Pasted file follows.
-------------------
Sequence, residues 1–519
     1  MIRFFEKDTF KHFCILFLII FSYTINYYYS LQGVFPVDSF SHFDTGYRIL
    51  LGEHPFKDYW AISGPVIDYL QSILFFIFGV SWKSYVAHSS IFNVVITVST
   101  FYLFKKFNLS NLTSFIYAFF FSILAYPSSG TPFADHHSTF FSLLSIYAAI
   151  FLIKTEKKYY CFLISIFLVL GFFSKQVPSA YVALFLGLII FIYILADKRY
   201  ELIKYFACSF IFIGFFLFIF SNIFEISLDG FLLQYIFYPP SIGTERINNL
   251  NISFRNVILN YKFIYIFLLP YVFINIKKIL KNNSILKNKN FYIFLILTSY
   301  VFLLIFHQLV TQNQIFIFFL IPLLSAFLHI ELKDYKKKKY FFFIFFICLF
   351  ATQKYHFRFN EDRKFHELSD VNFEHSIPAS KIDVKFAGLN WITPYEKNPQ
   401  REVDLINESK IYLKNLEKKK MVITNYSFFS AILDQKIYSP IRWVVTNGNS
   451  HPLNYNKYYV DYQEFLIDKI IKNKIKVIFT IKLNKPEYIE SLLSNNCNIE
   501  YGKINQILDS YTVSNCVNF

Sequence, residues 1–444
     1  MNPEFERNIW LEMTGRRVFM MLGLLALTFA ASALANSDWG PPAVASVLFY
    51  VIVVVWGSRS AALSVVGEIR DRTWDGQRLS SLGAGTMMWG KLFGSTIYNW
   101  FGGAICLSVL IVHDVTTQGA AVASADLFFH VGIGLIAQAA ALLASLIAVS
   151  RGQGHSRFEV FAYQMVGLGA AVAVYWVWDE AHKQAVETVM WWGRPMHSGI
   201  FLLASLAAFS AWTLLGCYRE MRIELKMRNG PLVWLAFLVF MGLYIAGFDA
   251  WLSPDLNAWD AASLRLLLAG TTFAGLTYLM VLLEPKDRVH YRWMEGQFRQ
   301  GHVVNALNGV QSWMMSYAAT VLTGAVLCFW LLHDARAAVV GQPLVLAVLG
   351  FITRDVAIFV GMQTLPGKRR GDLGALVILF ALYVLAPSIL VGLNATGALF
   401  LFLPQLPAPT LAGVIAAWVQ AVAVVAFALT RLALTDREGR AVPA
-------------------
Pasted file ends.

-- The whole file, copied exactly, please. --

Sequence, residues 1–519
     1  MIRFFEKDTF KHFCILFLII FSYTINYYYS LQGVFPVDSF SHFDTGYRIL
    51  LGEHPFKDYW AISGPVIDYL QSILFFIFGV SWKSYVAHSS IFNVVITVST
   101  FYLFKKFNLS NLTSFIYAFF FSILAYPSSG TPFADHHSTF FSLLSIYAAI
   151  FLIKTEKKYY CFLISIFLVL GFFSKQVPSA YVALFLGLII FIYILADKRY
   201  ELIKYFACSF IFIGFFLFIF SNIFEISLDG FLLQYIFYPP SIGTERINNL
   251  NISFRNVILN YKFIYIFLLP YVFINIKKIL KNNSILKNKN FYIFLILTSY
   301  VFLLIFHQLV TQNQIFIFFL IPLLSAFLHI ELKDYKKKKY FFFIFFICLF
   351  ATQKYHFRFN EDRKFHELSD VNFEHSIPAS KIDVKFAGLN WITPYEKNPQ
   401  REVDLINESK IYLKNLEKKK MVITNYSFFS AILDQKIYSP IRWVVTNGNS
   451  HPLNYNKYYV DYQEFLIDKI IKNKIKVIFT IKLNKPEYIE SLLSNNCNIE
   501  YGKINQILDS YTVSNCVNF

Sequence, residues 1–444
     1  MNPEFERNIW LEMTGRRVFM MLGLLALTFA ASALANSDWG PPAVASVLFY
    51  VIVVVWGSRS AALSVVGEIR DRTWDGQRLS SLGAGTMMWG KLFGSTIYNW
   101  FGGAICLSVL IVHDVTTQGA AVASADLFFH VGIGLIAQAA ALLASLIAVS
   151  RGQGHSRFEV FAYQMVGLGA AVAVYWVWDE AHKQAVETVM WWGRPMHSGI
   201  FLLASLAAFS AWTLLGCYRE MRIELKMRNG PLVWLAFLVF MGLYIAGFDA
   251  WLSPDLNAWD AASLRLLLAG TTFAGLTYLM VLLEPKDRVH YRWMEGQFRQ
   301  GHVVNALNGV QSWMMSYAAT VLTGAVLCFW LLHDARAAVV GQPLVLAVLG
   351  FITRDVAIFV GMQTLPGKRR GDLGALVILF ALYVLAPSIL VGLNATGALF
   401  LFLPQLPAPT LAGVIAAWVQ AVAVVAFALT RLALTDREGR AVPA